[SI-LIST] Re: Guard Traces

  • From: "Oh, Dan" <doh@xxxxxxxxxx>
  • To: "weirsi@xxxxxxxxxx" <weirsi@xxxxxxxxxx>, "si-list@xxxxxxxxxxxxx" <si-list@xxxxxxxxxxxxx>
  • Date: Fri, 9 Mar 2012 08:40:49 -0800

Hi Steve and Doug, 
I also agree with you. You guys have one more vote. The guard trace is very 
effective to reduce the inductive coupling which cannot be easily reduced by 
spacing.
Best,
-Dan Oh
-----Original Message-----
From: si-list-bounce@xxxxxxxxxxxxx [mailto:si-list-bounce@xxxxxxxxxxxxx] On 
Behalf Of steve weir
Sent: Thursday, March 08, 2012 9:23 PM
To: si-list@xxxxxxxxxxxxx
Subject: [SI-LIST] Re: Guard Traces

Doug, I agree that guard traces can help in certain situations.  In most, and 
particularly when inserted without doing the requisite engineering work, they 
can make a good mess of things.

Best Regards,


Steve.
On 3/8/2012 8:22 PM, Doug Smith wrote:
> Hi Lee,
>
> Your statement is true for most cases, but for two layer boards (every 
> household has several of these with processors on them) guard traces 
> can stabilize impedance, improve grounding, and lower noise coupling. 
> I agree with you for advanced electronics.
>
> We should always state the assumptions made when citing design or 
> other rules. I see this a lot in EMC books where an equation is given 
> (such as slot radiation) but the (sometimes many) assumptions are not 
> given and people use the equations when they don't apply. Shielding 
> effectiveness is another case where the common equations do not apply 
> in many cases (far field conditions are assumed when in fact they are 
> not met). Under every equation in EMC and other books there should be 
> a list of assumptions given.
>
> Doug
>
> On 3/8/12 10:52 AM, Lee Ritchey wrote:
>> With all the feedback on this forum that guard traces are a bad idea, why is 
>> this discussion still going on?  Are there still people who cling to the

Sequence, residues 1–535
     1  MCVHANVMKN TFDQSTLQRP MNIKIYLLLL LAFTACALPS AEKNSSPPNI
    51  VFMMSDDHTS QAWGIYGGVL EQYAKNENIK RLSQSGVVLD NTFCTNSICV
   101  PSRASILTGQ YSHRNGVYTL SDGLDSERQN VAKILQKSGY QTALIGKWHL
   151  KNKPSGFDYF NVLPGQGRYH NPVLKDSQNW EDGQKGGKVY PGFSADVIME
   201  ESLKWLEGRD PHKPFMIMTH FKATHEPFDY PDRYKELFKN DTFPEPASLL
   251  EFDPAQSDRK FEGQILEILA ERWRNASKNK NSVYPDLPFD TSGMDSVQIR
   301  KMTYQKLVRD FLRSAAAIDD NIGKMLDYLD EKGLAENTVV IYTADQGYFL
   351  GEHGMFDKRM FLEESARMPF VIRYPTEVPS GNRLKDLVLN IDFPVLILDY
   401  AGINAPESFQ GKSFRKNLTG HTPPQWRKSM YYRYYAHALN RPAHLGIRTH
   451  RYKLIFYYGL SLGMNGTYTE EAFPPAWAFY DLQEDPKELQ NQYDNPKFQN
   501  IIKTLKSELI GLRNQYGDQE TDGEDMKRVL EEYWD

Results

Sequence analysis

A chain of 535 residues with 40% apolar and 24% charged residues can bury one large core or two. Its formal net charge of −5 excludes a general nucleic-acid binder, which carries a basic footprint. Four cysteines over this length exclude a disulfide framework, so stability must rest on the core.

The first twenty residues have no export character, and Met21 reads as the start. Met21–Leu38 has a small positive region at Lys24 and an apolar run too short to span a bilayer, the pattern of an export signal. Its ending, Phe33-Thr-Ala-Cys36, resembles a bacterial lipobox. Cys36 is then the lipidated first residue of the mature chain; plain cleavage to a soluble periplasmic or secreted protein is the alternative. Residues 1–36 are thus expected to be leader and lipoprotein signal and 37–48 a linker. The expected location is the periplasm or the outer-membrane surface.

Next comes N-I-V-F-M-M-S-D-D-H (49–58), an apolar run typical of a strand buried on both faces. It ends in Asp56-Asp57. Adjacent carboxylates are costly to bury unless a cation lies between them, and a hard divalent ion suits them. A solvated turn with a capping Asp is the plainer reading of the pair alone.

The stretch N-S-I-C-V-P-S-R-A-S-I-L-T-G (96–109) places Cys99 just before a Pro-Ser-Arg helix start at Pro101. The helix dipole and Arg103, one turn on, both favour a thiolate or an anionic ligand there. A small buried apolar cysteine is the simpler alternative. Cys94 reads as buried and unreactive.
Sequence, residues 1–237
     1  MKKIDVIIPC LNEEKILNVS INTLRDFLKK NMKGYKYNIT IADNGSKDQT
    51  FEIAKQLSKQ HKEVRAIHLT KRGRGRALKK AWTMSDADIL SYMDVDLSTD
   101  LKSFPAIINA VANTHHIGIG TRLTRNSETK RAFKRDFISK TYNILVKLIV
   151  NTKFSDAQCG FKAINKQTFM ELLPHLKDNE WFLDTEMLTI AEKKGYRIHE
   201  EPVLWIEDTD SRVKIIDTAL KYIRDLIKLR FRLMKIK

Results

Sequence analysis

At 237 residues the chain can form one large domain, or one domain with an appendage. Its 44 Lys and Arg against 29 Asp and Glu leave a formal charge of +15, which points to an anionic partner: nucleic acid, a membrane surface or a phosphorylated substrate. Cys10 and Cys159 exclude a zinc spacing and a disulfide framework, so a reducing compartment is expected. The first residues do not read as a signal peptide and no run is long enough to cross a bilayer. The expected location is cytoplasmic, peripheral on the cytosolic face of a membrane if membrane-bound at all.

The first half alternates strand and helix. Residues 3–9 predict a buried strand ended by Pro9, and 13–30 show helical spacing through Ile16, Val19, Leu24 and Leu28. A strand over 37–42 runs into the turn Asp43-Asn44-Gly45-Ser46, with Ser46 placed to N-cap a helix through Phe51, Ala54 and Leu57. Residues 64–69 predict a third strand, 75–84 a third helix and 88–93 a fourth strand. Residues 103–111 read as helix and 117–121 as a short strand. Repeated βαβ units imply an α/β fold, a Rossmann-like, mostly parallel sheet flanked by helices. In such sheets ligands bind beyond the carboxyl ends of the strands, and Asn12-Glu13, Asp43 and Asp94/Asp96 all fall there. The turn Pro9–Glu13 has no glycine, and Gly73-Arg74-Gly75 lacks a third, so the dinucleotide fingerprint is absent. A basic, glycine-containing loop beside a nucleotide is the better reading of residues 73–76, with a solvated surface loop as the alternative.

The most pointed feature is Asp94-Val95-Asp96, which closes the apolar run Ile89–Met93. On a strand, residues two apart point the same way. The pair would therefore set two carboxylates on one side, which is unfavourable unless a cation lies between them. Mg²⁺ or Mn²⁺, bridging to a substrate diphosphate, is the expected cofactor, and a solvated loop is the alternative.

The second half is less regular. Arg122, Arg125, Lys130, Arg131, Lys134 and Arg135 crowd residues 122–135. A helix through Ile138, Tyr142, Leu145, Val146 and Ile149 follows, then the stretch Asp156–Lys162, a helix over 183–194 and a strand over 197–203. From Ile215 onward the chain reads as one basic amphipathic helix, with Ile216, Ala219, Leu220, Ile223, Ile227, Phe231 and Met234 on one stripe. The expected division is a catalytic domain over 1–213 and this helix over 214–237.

>> notion that guard traces are useful, even in the face of mounting evidence 
>> that they don't help?
>>
>>
>> -----Original Message-----
>>> From: Dennis<dennis.han@xxxxxxxxx>
>>> Sent: Mar 7, 2012 12:59 PM
>>> To: si-list@xxxxxxxxxxxxx
>>> Subject: [SI-LIST] Re: Guard Traces
>>>
>>> In addition to what Wolfgang has stated, if the guard traces are too close 
>>> to the signal traces, and most people who believe in ground traces put them 
>>> too close (ground fill also falls in this category), the impedance of the 
>>> signal traces is lowered and there are less crosstalk and radiation because 
>>> of it if the now mismatched terminations don't cause other problems.
>>>
>>>
>>>
>>>
>>>
>>> --- In si-list@xxxxxxxxxxxxxxx, Gwen and Wolfgang<gwmaichen@...>   wrote:
>>>> Hello,
>>>>
>>>> first, the short answer: simply don't use guard traces here, they 
>>>> won't help much with isolation of high speed signals, and they use 
>>>> up way too much routing space (on all layers, because of the 
>>>> stitching vias necessary). Much easier to just increase the 
>>>> distance between diff pairs etc. and you get the same benefit. (in 
>>>> fact, I suspect the reason many people believe in the magic power 
>>>> of guard traces in this setting - high speed signaling - is because 
>>>> those traces _force_ you to have enough space between signal 
>>>> lines...). Guard traces have their place in low-current / 
>>>> low-leakage / high-voltage applications, but NOT in high speed digital. At 
>>>> least that's my opinion.
>>>>
>>>> If you do need grounded traces, stitch them to the ground planes 
>>>> with vias spaced no further than a quarter wavelength from the 
>>>> signal trace and at an interval of no less than a quarter wave 
>>>> length from each other. The wavelength given of course by bandwidth 
>>>> connected with the signal rise time, BW = 0.33 / Tr, or a bit more 
>>>> conservatively, the knee frequency f_knee = 0.5 / Tr. No special 
>>>> termination needed at the ends of those traces because they are 
>>>> already solidly grounded along their full length.
>>>>
>>>> Wolfgang
>>>>
>>>>
>>>>
>>>>
>>>> On 3/7/2012 7:31 PM, Aaditya Kandibanda wrote:
>>>>> Hello Everyone,
>>>>> I have few questions about the guard traces.
>>>>>
>>>>> 1. How do I terminate the guard traces?
>>>>> 2. While using the guard traces for differential pair, how shall I 
>>>>> place them between the differential pair?
>>>>> 3. How should I place the vias for guard traces?
>>>>> 4. What are disadvantages of Guard traces?
>>>>>
>>>>> Thanks and regards
>>>>> Aaditya
>>>>>
>>>>>
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>> I just used the energy it took to get mad and wrote some blues.  
>> Count Basie
>>
>> Lee W. Ritchey
>> Speeding Edge
>> P.O. Box 2194
>> Glen Ellen, CA
>> 707-568-3983
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>>


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